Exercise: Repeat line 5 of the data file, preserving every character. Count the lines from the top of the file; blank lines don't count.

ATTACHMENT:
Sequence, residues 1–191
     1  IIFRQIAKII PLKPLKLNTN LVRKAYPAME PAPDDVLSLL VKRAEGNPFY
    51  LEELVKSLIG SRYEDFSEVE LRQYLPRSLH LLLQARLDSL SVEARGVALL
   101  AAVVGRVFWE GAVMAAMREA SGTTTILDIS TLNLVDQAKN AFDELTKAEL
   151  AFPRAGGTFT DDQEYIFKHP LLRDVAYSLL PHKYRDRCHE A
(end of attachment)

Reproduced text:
   151  AFPRAGGTFT DDQEYIFKHP LLRDVAYSLL PHKYRDRCHE A